Throw the Agenda Out: the #1 Thing You Need for Every Meeting

meeting outcomes

Stop. Breathe.

Now, slowly…carefully…remove your ice cold grip on the idea that every meeting must have an agenda.

I know, it’s difficult. I used to feel exactly the same way. Years of aimless, meandering, unproductive meetings had me grasping, like a drowning woman at the tool I was told would be my life raft. For each meeting I called, I dutifully filled out my template.

Attendees. Time. Conference Call Number. Topic 1. Topic 2. Topic 3. Time Frames.

meeting outcomes

Each agenda took roughly twenty minutes to complete. Multiplied by the number of meetings that were required in the course of the week, I began to notice something. My meetings were no longer aimless, but nor was I gaining productivity. Not only was I losing time up front creating the agenda, but the meetings themselves were not reliably achieving tangible outcomes.

Frequently, in order to achieve all of the items on the agenda, our team glossed over important discussions or failed to arrive at a decision because it was time to move on. Remarkably, this problem didn’t seem to get better when I decreased the number of items on the agenda. We were like an acting troupe that followed the script but failed to understand the point of the play.

So I threw my agenda template away.

Here’s what I do instead.

Throwing away an agenda template does not let you off the hook for running a carefully planned meeting. After a few years of agenda-less living, I’ve found there are four key things you must do as a facilitator to run effective meetings without an agenda.

  1. Replace the agenda with a clear outcome statement.

I always begin meeting outcome statements the same way. “At the end of this meeting, we walk out with ______…” I finish the sentence with:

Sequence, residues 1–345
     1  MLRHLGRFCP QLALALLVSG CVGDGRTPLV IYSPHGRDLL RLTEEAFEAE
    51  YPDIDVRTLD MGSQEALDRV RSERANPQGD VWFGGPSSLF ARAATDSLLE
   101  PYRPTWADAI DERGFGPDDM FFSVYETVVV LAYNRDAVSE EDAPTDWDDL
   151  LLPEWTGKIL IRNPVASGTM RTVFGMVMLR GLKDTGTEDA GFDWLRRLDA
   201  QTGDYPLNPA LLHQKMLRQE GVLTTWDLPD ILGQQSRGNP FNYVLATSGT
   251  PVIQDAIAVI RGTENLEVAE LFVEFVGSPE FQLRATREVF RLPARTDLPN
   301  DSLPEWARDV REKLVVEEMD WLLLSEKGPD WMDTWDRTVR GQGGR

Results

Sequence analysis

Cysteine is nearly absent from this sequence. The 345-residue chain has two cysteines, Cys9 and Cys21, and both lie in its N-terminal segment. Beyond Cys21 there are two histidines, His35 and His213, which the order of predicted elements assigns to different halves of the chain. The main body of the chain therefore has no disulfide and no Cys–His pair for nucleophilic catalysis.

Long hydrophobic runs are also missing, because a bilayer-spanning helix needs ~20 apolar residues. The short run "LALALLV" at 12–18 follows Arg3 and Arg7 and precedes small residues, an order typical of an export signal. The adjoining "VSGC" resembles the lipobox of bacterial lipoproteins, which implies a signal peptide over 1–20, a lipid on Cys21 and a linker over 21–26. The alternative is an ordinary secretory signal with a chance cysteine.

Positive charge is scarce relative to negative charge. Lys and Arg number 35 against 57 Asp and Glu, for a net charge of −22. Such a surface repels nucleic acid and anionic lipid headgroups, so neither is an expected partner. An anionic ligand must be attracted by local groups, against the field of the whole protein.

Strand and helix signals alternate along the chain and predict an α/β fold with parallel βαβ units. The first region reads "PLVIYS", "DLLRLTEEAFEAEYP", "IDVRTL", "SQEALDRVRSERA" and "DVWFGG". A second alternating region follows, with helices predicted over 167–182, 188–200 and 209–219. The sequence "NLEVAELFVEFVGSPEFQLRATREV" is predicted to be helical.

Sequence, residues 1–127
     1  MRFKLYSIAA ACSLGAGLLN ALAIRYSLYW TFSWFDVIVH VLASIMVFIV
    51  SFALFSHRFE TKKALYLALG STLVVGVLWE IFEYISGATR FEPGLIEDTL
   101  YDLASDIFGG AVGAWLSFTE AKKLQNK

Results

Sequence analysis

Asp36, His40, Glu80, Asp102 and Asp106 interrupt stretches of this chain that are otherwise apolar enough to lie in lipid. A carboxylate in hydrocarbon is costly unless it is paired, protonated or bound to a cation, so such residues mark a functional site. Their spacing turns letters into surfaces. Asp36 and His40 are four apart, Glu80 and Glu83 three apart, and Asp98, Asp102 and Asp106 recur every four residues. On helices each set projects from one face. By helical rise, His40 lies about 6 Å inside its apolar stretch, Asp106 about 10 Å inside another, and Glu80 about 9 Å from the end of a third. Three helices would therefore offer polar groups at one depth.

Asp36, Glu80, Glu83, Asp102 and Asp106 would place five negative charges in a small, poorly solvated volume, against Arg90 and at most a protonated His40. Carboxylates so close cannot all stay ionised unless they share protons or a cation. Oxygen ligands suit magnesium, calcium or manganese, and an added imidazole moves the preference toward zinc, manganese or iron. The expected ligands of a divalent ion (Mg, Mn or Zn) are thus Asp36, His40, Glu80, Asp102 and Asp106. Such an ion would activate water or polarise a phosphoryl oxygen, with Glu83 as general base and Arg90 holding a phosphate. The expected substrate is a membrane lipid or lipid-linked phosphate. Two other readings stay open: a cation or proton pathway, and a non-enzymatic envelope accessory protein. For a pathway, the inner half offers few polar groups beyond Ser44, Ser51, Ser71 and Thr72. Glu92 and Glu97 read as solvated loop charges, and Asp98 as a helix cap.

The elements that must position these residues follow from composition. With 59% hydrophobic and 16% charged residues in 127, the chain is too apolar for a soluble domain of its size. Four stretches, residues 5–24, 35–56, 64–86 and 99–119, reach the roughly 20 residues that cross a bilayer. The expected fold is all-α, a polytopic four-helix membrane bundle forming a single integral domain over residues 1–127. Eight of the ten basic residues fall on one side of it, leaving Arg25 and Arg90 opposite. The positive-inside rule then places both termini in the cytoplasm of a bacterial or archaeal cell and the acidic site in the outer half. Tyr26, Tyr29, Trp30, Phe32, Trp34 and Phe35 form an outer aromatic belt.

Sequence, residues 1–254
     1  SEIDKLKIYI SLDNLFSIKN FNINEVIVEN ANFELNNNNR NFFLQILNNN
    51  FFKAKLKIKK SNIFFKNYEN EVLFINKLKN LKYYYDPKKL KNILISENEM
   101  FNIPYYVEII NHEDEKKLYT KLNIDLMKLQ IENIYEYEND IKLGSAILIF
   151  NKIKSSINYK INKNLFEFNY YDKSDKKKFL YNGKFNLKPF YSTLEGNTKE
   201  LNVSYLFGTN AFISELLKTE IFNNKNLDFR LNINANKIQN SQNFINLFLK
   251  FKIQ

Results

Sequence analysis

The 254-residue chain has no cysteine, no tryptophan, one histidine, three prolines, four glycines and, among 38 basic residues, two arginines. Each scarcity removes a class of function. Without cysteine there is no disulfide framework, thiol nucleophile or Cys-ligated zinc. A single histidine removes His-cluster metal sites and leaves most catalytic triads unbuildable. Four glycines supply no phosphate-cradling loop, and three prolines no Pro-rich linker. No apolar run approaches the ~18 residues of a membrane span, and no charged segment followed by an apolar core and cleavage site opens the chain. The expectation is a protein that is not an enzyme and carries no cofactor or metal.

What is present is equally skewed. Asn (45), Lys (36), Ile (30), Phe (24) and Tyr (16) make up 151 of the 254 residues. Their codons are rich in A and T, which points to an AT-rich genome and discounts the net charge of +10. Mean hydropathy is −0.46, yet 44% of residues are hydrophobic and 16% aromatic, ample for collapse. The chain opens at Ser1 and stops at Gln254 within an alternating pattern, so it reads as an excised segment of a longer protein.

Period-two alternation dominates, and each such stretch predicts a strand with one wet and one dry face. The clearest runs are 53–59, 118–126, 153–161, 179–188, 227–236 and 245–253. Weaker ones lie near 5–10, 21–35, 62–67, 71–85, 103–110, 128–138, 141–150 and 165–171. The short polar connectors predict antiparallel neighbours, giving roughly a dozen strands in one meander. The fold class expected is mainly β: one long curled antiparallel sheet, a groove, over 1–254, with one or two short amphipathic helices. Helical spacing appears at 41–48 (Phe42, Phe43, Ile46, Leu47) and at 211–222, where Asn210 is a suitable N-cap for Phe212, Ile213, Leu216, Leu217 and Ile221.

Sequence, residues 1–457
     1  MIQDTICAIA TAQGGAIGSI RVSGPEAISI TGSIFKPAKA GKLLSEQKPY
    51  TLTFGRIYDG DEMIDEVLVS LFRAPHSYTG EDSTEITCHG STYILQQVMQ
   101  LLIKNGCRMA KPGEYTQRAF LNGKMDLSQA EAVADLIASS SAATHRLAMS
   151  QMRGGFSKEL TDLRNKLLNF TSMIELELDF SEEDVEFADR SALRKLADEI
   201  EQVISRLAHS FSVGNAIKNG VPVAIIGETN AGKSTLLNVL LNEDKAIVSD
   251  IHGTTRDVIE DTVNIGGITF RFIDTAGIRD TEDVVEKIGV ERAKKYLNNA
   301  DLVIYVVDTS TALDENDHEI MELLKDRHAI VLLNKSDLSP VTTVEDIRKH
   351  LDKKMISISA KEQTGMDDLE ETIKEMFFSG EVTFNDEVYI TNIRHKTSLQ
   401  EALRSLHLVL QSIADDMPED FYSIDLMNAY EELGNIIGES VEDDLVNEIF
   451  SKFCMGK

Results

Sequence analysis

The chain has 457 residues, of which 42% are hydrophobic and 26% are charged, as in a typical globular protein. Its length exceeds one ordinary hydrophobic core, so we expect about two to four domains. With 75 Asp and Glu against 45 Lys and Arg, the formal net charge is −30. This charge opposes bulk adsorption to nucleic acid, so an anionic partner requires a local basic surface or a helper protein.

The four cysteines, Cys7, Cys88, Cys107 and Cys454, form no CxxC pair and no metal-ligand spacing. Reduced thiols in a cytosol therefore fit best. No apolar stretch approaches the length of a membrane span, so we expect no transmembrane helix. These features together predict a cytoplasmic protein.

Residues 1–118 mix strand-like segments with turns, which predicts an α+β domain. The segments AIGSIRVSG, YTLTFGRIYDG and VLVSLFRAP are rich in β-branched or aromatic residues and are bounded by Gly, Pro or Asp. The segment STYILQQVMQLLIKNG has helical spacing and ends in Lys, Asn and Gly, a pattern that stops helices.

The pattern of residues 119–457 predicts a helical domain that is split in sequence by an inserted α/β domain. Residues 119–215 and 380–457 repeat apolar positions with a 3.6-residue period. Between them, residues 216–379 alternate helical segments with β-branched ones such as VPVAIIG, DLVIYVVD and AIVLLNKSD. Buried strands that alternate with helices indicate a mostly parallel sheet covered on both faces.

• …”a decision on X”
  • …”clarity on Y”
  • …”a clear path forward to Z”
  • …” a draft of A”
  • …”clear team understanding of the current status of major client projects”

If I struggle with this step, it’s usually a good sign that a meeting isn’t really what is needed—or that there is additional pre-work or preparation I need to do before I can hold a productive meeting. 40% of the meetings I call die at this step.

Once you have your outcome statement, put it in the meeting invite, and make it the first thing you say when you begin the meeting.

  1. Choose the right attendees to achieve the outcome.

Once you have an outcome (and not before), think about who needs to attend. Balance the list against what you know about meeting size. The smaller your meeting, the more potentially efficient you will be—but you may have to revisit decisions later if important people were excluded from the discussion. Larger meetings will take bigger facilitator muscles to wrangle but may result in more reliable decisions and a sense of ownership from those involved.

  1. Design a flexible plan to achieve the outcome.

 Even though I don’t have a written agenda, I still invest time up front to think through a facilitation plan—exactly how will I guide the team to achieve the outcome? Will the whole meeting be spent reviewing a document line-by-line? Will I start by facilitating a discussion on a couple of key points before we open the document? I don’t always write down the plan, but I always have one in my head—and for important meetings, I’ll have a couple of alternative plans to account for risks.

When it comes to meeting plans, never mistake the map for the terrain. The outcome is most important—if your plan turns out to be ineffective, ditch it and work with the team to find a better way. This is why I advocate for a plan, but not an agenda. It’s too easy to let the agenda (or list of topics to be covered) drive action. Instead, focus on your outcome and adapt as needed to achieve it.

  1. Designate a note taker. Prep them with the intent of the meeting.

 One piece of traditional meeting management advice still holds true—the facilitator should not be the note taker. But you do need a note taker, and they need to be well-briefed about the intent of the meeting. A key mistake I used to make was assigning a note taker ahead of time, but not filling them in on what we’re trying to achieve. When the note taker understands the intent, they can be a powerful gut-check for you on whether you’re achieving it.

Not Ready to Ditch Your Agenda?

That’s okay. Planning a meeting with an agenda is still better than not planning at all. Continue to run your meetings with intention, but pay attention to the time you spend creating agendas relative to the value they add. Ask your team for feedback about the meetings you run—are they efficient? Are they effective? If not, it may be time to experiment with a new approach.

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